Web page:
John - January 28, 2011 10:45 AM

Thanks prof,
so IRS said that he did this willfully since he knew /should have known better given his tax education.

I have a question, and I know all the disclaimers about internet advice on a case without knowing 100%, I'm merely just looking for a general idea:

Suppose you make a living with this blog. You work 2-4 hours a day, max. If asked, IRS will be easily convinced, say, you only post 2 stories a day and it's obvious that a story can be written in an hour or two. Now you post an ad for Turbotax or loans and Google just brought you a gazillion people a day, all of the sudden. From those 2-3 hours a day you now make $150,000 a year. How much salary COULD one declare and be fine with it, if audited? Obviously all other taxes are paid on the income and everything is declared.

Arguments:
The financial results are not really the result of your hard work, your blog posts are mediocre, but you got lucky. Most reasonable people would agree with that. Maybe you got a link from CNN or maybe because you have a good domain name. Or say you have the name taxes.com and people come there make you money mostly for the name. You could absolutely hire a person for $40 a day to do the same work you do and money is definitely not consistent. So, if you are the IRS auditor, what would you do /accept as OK?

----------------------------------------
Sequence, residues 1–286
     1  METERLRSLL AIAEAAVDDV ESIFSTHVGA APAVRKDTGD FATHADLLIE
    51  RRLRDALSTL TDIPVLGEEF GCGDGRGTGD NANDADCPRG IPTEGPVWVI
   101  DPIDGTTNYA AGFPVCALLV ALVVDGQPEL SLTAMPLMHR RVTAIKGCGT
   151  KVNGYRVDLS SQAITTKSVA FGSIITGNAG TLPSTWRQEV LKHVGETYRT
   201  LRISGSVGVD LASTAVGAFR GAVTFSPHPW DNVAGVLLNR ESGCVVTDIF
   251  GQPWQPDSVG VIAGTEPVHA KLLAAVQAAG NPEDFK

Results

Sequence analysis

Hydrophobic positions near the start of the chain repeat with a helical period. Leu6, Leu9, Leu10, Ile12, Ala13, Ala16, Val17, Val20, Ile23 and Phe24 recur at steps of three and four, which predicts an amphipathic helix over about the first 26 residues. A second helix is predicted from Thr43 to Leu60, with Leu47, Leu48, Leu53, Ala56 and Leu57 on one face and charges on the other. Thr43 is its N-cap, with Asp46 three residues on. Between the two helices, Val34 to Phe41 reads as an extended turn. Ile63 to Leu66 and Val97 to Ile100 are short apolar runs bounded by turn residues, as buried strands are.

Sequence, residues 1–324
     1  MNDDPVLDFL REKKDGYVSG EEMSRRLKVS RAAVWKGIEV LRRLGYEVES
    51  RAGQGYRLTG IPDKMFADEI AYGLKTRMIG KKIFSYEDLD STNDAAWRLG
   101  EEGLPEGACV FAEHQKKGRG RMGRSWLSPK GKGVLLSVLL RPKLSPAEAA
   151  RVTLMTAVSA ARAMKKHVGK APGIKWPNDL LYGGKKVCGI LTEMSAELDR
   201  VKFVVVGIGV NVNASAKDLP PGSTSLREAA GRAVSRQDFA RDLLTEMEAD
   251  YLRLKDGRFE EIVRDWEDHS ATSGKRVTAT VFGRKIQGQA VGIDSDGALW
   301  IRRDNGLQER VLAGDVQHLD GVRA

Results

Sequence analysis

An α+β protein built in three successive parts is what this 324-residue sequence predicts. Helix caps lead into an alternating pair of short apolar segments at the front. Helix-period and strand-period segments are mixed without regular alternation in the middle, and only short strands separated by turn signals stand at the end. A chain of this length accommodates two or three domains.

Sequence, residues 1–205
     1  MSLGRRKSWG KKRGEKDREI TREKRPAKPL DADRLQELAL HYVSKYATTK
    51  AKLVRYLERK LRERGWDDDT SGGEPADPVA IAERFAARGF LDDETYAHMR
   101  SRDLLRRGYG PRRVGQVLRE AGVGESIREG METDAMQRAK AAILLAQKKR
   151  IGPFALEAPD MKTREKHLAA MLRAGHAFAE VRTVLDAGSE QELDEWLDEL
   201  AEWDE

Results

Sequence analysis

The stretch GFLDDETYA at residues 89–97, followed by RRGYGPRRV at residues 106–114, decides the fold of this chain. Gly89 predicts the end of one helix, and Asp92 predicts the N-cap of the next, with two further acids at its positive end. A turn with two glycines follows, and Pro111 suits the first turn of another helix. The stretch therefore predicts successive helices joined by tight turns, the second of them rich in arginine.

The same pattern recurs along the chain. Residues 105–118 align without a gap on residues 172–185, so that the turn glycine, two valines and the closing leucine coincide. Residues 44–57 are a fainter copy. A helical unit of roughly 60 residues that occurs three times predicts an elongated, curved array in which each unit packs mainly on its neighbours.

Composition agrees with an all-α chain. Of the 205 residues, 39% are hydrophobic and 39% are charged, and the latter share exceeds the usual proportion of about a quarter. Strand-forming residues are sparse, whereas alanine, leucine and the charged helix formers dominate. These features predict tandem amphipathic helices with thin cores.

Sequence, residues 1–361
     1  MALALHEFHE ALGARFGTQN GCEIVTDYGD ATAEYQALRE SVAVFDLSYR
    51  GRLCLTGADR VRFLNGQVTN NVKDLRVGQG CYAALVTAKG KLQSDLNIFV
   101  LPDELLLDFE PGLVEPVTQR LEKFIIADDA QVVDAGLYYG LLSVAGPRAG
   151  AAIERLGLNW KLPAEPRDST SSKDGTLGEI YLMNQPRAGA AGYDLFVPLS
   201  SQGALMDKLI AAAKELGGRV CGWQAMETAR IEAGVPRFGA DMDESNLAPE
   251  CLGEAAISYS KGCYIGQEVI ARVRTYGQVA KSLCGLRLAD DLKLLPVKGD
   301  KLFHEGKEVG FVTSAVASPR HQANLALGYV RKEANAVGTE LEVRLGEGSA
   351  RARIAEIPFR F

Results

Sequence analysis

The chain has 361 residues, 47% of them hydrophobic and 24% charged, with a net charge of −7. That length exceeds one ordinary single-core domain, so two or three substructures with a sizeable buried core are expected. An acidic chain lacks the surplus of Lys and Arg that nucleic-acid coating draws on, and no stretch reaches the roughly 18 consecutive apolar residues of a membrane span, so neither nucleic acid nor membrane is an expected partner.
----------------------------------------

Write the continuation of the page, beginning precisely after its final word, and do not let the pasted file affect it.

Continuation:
Jack Howell - January 31, 2011 11:21 AM

There is a statute of limitations on actions like these. I suspect that it just took several years for the audit to run its course and then to get the case actually tried and decided in the tax course. The wheels of justice do not turn quickly.

The second question actually has layers on layers of issues, particularly, factual issues that it is virtually impossible to respond to. For example, what did I make before on the blog, and who was paying it? But I think fundamentally, John is asking how do you delineate between income from "services" and income from "property." That is something that is still being determined as these cases point out. I expect the IRS auditor would take the position that all of the income is from my labors as the sole blog poster. My response would be that the income is all from my sale of property rights and advertising space, which is not service income. These cases show that it is hard to predict which argument the courts are going to agree with right now.

Alby - March 25, 2011 8:10 AM

I suppose the best thing to do is to gauge your salary on salary.com and pay yourself the lowest tier to avoid the IRS claiming you aren't paying yourself enough.